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Thursday, 5 February 2009
Page: 446

Senator LUDLAM (2:13 PM) —My question is to Senator Conroy, the Minister representing the Minister for Infrastructure, Transport, Regional Development and Local Government. Given the tangible economic and social benefits to people in need offered by public transport and cycling infrastructure and the extremely overburdened or non-existent public transport systems on our city fringes and in our regional towns, can the minister explain why the government’s economic stimulus package contains no funding streams or appropriations for public transport?

Senator CONROY (Minister for Broadband, Communications and the Digital Economy) —Thank you, Senator Ludlam. Being asked to answer a negative is always an entertaining challenge. Let us be clear. The government has focused its priority on schools; it has focused its priority on infrastructure for roads; it has focused its challenge on consumption and helping Australian families. No-one is suggesting that in the upcoming budget none of these issues could be addressed. But this is a very specific package that is designed to alleviate the pressure on the economy and try and support 90,000 jobs. That is the challenge. That is what is before you. We have put forward a stimulus package based on all of the evidence around the world, as six of our major trading partners are sliding into or already in recession. To stop Australia sliding into recession, as on current forecasts, this package will stimulate the economy, it will deliver jobs and it will deliver protection for families. For all of those in this chamber—

Senator Ludlam —Mr President, I raise a point of order. The question that was directed to the minister was why public transport specifically had been left out of the package. I would appreciate an answer to that question.

Senator CONROY —This is about what is needed urgently in this country to address a recession. Buses, last time I checked, travelled on roads; railway crossings usually have trains going across them. These are measures that deal with aspects of public transport. But let us be clear that this is a package that delivers immediate stimulus to address the very specific problems that have emerged in the last few months, and particularly with the IMF’s forecasts over the last few days. We have put in place a stimulus package— (Time expired)

Senator LUDLAM —Mr President, I ask a supplementary question. The Senate is fairly familiar with the minister’s brief on the overall justification for the package. I am interested, given that the stimulus package invests $6 billion to fast-track 20,000 units of public housing, in what planning the government is doing—it may not be doing any—to ensure that the new housing is well served by public transport and does not strand low-income people in car dependent and congested communities.

Senator CONROY (Minister for Broadband, Communications and the Digital Economy) —I am not quite sure how relevant that was to the primary question, because that was about housing, and I am not actually sure that I have carriage of public housing questions. So I would defer the question to my colleague. But, from the information I have to hand for you, stage 1 of this new initiative will fund the construction of around 2,300 dwellings that are already planned and approved, with construction to commence this financial year. The government anticipates that around 15,000 dwellings will be ready for occupancy by the end of 2010, with the remainder to be available by the end of 2012.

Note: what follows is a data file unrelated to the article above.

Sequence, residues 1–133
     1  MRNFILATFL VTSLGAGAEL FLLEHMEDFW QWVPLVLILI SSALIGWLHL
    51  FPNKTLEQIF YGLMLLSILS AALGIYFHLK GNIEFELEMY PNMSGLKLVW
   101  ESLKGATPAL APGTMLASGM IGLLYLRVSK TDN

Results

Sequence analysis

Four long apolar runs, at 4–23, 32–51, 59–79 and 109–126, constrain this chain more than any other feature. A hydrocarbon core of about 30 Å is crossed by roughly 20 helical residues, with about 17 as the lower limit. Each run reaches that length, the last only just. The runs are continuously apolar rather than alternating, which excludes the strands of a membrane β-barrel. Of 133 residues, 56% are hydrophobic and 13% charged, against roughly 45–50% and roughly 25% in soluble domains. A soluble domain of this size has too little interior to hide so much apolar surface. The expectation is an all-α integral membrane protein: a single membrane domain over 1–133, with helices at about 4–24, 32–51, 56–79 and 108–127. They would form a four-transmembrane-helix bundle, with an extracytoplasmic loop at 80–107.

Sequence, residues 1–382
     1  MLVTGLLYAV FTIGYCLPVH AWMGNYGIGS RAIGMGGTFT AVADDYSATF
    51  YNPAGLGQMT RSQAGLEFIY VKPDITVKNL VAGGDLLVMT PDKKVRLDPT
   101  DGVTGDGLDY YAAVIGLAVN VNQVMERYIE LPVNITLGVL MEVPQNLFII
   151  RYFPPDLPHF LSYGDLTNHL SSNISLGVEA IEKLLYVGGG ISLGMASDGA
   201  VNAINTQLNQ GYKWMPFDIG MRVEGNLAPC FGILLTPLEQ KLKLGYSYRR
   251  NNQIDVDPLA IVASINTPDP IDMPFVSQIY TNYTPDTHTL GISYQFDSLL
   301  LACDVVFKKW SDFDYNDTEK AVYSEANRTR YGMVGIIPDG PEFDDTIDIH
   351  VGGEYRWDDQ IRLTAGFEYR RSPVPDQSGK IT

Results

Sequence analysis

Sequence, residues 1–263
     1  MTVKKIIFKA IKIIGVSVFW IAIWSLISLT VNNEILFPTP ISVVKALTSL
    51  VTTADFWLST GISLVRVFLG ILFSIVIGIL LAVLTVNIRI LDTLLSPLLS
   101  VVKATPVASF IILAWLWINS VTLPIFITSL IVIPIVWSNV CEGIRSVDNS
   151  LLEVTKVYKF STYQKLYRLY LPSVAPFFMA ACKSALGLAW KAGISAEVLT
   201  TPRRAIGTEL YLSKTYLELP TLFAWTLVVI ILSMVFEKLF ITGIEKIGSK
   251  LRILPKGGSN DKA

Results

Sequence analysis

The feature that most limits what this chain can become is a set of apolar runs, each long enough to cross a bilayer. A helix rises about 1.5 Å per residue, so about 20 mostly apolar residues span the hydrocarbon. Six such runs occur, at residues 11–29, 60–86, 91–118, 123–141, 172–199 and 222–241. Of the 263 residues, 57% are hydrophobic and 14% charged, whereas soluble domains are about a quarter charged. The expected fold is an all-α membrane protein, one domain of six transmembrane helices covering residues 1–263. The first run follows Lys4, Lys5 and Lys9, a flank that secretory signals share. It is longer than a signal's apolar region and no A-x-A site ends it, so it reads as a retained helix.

Honourable senators interjecting—

The PRESIDENT —Order! Senator Bob Brown is on his feet.

Senator Sherry interjecting—

Senator Ian Macdonald interjecting—

The PRESIDENT —Order! Senator Sherry and Senator Macdonald, I am waiting to hear from Senator Bob Brown.

Senator Bob Brown —Mr President, I raise a point of order. The question was very clearly about public transport facilitation at this housing, and the minister should address that question.

The PRESIDENT —The minister has 12 seconds left to answer the supplementary question.

Senator CONROY —I am quite specifically talking about a question that revolves around public housing and transport, and I am giving information very, very specifically and dealing very relevantly with a question that combines— (Time expired)

Senator LUDLAM —Mr President, I ask a further supplementary question. Given that immediately buying more buses and trains made in Australia would get jobs into the transit manufacturing sector and the cycling sector and address the urgent demand for public transport, when can we expect an announcement of a government plan for the transit manufacturing sector?

Senator CONROY (Minister for Broadband, Communications and the Digital Economy) —I have to say I am not sure that the premise of that question is actually factually correct, Senator Ludlam. I do not have a lot of experience in ordering buses, trains and carriages, but I do understand there is a fair amount of lag time involved. Let me be clear: I do not think the premise of your question is accurate, because you do have to place these orders and they have to be slotted in behind existing orders. So I do not think the premise is correct. But we are committed to addressing the short-term needs of the economy, as have been exposed by the IMF report, which shows the international economy is plunging into a recession at breathtaking speed. Our response is about maximising the chance of supporting 90,000 jobs in Australia and working in the current environment— (Time expired)